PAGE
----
Saturday, March 28, 2020

The Coxswain as Leader

In my line of work I think a lot about leadership. What makes a good leader? What makes for effective leadership? How can I be a better leader, and a better follower, where I am right now?

On a seemingly separate note I have been participating in a virtual Lenten series this year that has drawn material from a book, The Boys in the Boat: Nine Americans and Their Epic Quest for Gold at the 1936 Berlin Olympics by Daniel James Brown. In the series we have read snippets of the book and have talked about rowing as a metaphor for life as a whole.

In the kind of eight-oar shell discussed in the book, there are nine people: eight rowers (each with a distinctive role to play) and a coxswain, or cox. The cox rides in the back of the boat, calls the pace for the rowers to follow, and steers the shell. In that sense, the cox looks very much like a leader.

But being a good cox is not about barking orders (though that's what it looks like on the surface). I think there are a number of lessons that leaders can learn by looking at what it takes to be a good cox:

• Coxes are always the smallest person in the boat. This is to reduce weight and drag, to make the boat lighter and therefore faster. Good leadership is often about not being a drag on your organization and not letting your weight get in the way.

• Coxes don't actually move the boat forward. A cox, sitting alone in a shell and calling time, accomplishes nothing. It is the oarswomen or oarsmen who actually make the boat move. Leaders must recognize that the success of their organizations relies on the efforts of others far more than on their own.

• The cox steers the boat with a small rudder mechanism. This mechanism can be easily overmatched by what the rowers are doing. If the rowers are pushing the boat one way and the cox trying to steer another, the rowers win (and sometimes the rudder breaks). A leader's ability to steer an organization is only as good as her or his ability to get the people doing things in the organization to agree on where things should go.

• The speed of a shell is ultimately a function of swing - a state in which each of the rowers is performing her task to the best of her ability and also in perfect synchrony with the others. Each is an individual and each has her own strengths and distinctive characteristics, yet all are harmonized together. It is the job of the cox to create and sustain this state. Leadership is not about being "in charge". It is about getting groups to work together with each other in ways that not only maximize their own individual potential and ability, but harmonize with each other.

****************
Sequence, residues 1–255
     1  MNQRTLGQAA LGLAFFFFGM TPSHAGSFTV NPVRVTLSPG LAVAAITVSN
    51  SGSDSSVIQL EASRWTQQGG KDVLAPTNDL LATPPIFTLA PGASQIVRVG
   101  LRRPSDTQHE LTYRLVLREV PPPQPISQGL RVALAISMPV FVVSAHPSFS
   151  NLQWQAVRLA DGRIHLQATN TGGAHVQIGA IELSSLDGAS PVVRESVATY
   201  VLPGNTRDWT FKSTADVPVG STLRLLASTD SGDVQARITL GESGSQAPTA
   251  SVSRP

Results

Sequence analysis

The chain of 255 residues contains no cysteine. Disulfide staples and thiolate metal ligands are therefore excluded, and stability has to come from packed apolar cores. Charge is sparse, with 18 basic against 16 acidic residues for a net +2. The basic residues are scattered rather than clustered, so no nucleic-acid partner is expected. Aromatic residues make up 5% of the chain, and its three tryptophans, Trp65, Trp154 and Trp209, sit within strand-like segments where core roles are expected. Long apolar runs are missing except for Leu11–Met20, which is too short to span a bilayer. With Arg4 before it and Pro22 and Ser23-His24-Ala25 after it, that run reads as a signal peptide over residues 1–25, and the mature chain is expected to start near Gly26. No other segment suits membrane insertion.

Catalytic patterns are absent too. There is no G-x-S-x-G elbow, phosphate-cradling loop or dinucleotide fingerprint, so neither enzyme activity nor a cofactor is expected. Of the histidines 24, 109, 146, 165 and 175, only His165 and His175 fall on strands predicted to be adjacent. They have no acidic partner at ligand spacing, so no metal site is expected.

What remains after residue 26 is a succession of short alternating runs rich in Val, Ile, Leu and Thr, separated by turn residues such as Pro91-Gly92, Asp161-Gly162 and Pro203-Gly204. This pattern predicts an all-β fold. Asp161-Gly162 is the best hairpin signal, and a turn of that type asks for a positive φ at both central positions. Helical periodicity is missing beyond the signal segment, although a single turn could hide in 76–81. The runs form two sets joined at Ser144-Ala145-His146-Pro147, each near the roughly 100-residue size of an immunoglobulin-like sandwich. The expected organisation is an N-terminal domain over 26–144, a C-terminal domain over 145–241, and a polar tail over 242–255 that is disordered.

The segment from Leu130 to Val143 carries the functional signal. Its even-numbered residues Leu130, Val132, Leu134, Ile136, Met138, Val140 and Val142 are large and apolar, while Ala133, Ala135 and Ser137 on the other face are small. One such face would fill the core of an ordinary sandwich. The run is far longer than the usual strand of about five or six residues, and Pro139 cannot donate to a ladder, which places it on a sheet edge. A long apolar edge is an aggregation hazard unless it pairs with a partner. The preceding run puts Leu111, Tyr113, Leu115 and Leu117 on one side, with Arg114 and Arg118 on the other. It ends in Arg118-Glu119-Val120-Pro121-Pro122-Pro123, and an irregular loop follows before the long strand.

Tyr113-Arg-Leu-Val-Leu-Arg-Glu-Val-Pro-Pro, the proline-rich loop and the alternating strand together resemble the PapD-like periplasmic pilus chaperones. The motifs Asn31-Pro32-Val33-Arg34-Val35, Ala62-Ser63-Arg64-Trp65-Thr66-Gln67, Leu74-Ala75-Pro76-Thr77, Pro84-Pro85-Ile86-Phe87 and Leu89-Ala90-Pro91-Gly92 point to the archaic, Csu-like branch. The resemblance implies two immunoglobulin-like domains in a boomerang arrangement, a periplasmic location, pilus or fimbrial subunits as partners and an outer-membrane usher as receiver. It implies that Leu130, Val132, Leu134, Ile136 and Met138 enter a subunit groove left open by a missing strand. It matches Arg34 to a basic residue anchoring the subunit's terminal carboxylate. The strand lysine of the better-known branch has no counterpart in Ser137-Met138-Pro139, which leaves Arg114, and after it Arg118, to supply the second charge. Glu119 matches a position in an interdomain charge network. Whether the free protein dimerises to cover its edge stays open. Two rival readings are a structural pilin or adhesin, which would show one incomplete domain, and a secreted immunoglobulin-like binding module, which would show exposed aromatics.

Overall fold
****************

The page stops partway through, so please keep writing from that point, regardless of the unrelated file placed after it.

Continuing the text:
It takes a long time, a lot of practice, and a lot of work for a crew to develop swing. Many never do. In the absence of this state, coxes can yell louder or faster, but the result is generally not a faster shell. Worse, faster and louder yelling by the cox can cause the entire boat to capsize and the rowers to get hurt.

In this time of crisis, our organizations are discovering the truth about ourselves. Our leaders are yelling louder and faster, and steering our boats in suddenly new directions. The organizations that have done the long, slow, laborious work of developing themselves, of tuning their capacity for swing, will do OK in a crisis. Those that have not will flounder still more.

There's one last observation about leadership-as-coxswain. It's not about the individual leader. The best cox in the world could step into a shell with eight rowers she doesn't know and produce terrible results. Coxes only succeed based on the relationships they have built with their rowers and the relationships they have fostered among the rowers themselves. Hiring a great cox won't make the boat faster. Hiring one with the right skills and mindset, and letting that leader do the work over the long haul, will.

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